Monday, 5 December 2022

Dec 5 2022

NATURE MONCTON NATURE NEWS

Dec 5, 2022

 

 

To respond by e-mail, please address your message to the information line editor,  nelsonpoirier435@gmail.com .

 

Please advise the editor at nelsonpoirier435@gmail.com  if any errors are noted in wording or photo labelling.


For more information on Nature Moncton, check the website at
www.naturemoncton.com .

 

Edited by Nelson Poirier nelsonpoirier435@gmail.com

 

 

**They
just keep on coming!

Daryl Doucette had a female Northern Cardinal comfortably arrive to his deck birdfeeder tray on Sunday and pose for a very pleasant photo.

 

**Brian Coyle shares more very interesting action he captured on his trail cameras. There is a very large boulder at the edge of a woodlot near Brian’s home that seems to be a magnet for wildlife to visit. Brian has coined it ‘coyote rock’ as Coyote seems to be one species that has a particular fondness for checking it out. A recent video capture of a Coyote visitor shows the variability in pelage of the Coyote. This one shows the striking rufous pelage tones some Coyotes have. Take a look at the link below:

 

https://www.dropbox.com/s/gd54fvzfyu7cevb/STC_0127_x264.mp4?dl=0

Brian has another trail camera set up at a River Otter latrine near a beaver pond. The River Otter has the habit of establishing community latrines. In one video capture, a female Coyote intrudes by leaving a scent mark on the River Otter latrine area. Scent marking by wildlife will become a popular activity in the coming days as they start future planning for territories. Check out that activity at the link below:

 

https://www.dropbox.com/s/6avuqy7ycwauxha/STC_0007%20%2819%29_x264.mp4?dl=0

A Bobcat checks out the same site at the video link below. (Editor’s note: note the tail tip of the Bobcat with its black top half and white under half. The Lynx would have a totally black tail tip).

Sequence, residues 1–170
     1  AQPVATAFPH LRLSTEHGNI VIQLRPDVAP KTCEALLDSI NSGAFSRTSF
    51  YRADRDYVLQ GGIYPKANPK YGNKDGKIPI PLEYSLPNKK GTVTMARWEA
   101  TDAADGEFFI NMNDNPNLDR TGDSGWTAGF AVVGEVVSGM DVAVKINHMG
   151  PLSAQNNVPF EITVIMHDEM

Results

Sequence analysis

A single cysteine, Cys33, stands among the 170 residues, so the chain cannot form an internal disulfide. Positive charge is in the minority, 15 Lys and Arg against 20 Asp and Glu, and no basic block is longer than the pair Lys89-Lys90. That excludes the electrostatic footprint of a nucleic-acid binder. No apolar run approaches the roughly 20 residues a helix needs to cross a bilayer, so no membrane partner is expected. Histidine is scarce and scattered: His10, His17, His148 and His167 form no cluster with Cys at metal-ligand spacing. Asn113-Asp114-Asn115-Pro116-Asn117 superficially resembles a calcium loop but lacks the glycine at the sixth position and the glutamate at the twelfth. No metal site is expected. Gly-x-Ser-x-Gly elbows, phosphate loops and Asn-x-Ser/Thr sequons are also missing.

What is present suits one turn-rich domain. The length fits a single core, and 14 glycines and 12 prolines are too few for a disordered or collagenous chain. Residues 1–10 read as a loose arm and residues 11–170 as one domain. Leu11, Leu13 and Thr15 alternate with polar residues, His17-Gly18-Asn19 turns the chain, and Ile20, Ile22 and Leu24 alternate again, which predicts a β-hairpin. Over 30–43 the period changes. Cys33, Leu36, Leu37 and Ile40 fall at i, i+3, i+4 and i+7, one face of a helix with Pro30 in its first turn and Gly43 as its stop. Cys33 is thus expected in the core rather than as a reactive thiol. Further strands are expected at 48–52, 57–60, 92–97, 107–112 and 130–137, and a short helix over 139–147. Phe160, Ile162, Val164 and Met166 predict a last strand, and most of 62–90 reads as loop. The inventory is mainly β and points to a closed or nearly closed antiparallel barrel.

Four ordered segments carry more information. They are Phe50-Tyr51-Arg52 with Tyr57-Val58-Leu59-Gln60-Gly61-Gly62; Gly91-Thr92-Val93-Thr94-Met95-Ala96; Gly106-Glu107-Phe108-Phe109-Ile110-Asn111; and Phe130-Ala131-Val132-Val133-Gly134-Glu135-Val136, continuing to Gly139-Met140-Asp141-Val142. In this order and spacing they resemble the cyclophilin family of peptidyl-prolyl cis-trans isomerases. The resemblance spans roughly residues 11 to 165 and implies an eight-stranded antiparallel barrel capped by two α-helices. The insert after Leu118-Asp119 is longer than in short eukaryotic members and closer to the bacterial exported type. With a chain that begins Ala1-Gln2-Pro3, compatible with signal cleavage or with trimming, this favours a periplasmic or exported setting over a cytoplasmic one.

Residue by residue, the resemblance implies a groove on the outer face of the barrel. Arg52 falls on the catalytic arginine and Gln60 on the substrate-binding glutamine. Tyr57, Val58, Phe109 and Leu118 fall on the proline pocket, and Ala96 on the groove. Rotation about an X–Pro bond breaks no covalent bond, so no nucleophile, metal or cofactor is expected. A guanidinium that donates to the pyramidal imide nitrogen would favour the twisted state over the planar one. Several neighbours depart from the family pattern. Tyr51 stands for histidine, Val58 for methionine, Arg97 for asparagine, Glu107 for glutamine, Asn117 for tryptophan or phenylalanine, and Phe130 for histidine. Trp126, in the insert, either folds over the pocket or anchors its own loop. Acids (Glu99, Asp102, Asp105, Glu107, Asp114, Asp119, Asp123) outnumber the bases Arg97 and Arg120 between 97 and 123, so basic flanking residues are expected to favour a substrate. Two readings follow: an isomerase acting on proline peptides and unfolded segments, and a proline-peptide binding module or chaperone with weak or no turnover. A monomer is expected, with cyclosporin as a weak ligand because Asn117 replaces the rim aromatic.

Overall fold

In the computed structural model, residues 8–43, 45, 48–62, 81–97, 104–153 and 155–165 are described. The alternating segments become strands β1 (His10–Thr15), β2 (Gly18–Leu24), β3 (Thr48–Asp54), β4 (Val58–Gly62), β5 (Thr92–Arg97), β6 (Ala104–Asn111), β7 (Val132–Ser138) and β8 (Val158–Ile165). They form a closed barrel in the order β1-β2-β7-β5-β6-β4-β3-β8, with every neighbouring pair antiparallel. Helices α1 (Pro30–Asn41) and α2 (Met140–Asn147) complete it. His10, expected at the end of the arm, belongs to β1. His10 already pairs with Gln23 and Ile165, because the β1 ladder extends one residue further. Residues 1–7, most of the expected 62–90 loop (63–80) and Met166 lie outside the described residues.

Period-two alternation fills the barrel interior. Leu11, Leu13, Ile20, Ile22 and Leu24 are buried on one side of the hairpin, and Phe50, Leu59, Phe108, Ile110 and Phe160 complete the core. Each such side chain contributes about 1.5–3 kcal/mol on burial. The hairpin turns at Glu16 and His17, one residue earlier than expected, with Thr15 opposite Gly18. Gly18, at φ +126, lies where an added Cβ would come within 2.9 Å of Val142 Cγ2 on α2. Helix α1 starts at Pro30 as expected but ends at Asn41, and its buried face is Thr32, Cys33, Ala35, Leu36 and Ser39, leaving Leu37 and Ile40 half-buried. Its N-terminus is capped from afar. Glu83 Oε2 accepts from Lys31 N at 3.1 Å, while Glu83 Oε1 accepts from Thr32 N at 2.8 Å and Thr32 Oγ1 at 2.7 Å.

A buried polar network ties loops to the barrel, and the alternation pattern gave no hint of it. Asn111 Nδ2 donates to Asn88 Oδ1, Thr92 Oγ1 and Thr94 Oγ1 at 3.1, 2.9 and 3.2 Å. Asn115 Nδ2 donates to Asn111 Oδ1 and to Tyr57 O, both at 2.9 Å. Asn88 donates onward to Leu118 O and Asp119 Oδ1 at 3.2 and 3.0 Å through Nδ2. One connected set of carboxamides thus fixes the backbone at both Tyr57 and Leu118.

https://www.dropbox.com/s/2b37owkcj7fz2gd/STC_0029%20%285%29_x264.mp4?dl=0

 

A River Otter was captured during the ‘poop dance’ at its community latrine as Brian’s video clip captures below:

https://www.dropbox.com/s/5v1pkqquwbq2lnp/IMG_0044%20-%20Copy.MP4?dl=0

 

**The melanistic form of the Grey Squirrel, which is almost entirely black, is becoming more predominant in certain populations and in certain geographic areas especially in southeastern Canada. It is caused by a rogue gene.

The black morph has a variant form of a specific gene that produces more dark pigment; in other words, they have a rogue gene. (Editor’s note: Nelson Poirier was advised the black morph Grey Squirrel is the predominant pelage of the very common Grey Squirrel in the Kitchener Waterloo area of southeastern Ontario).

This morph is not nearly as common in the Maritimes; however, Nelson Poirier spotted one in Fredericton on Sunday that cooperated for a photo.

 

**Nelson Poirier has 2 winter plumage Chipping Sparrows as patrons to his birdfeeder yard. The two of them cooperated nicely to provide a photo of a side view and a back view to show the grey patch from a rear view.

 

 

 

Nelsonpoirier435@gmail.com

Nelson Poirier

Nature Moncton

 

 

 

 

NORTHERN CARDINAL (FEMALE). DEC 4, 2022. DARYL DOUCETTE

CHIPPING SPARROWS. DEC 4, 2022. NELSON POIRIER

CHIPPING SPARROWS. DEC 4, 2022. NELSON POIRIER

GREY SQUIRREL. (BLACK MORPH). DEC 4, 2022. NELSON POIRIER

GREY SQUIRREL. (BLACK MORPH). DEC 4, 2022. NELSON POIRIER

 

Sunday, 4 December 2022

Dec 4 2022

NATURE MONCTON NATURE NEWS

Dec 4, 2022

 

 

To respond by e-mail, please address your message to the information line editor,  nelsonpoirier435@gmail.com .

 

Please advise the editor at nelsonpoirier435@gmail.com  if any errors are noted in wording or photo labelling.


For more information on Nature Moncton, check the website at
www.naturemoncton.com .

 

Edited by Nelson Poirier nelsonpoirier435@gmail.com

 

 

 
 
 

**On Wednesday, November 30, 2022, Brian Coyle went out to a couple of his trail cameras that are close to his home.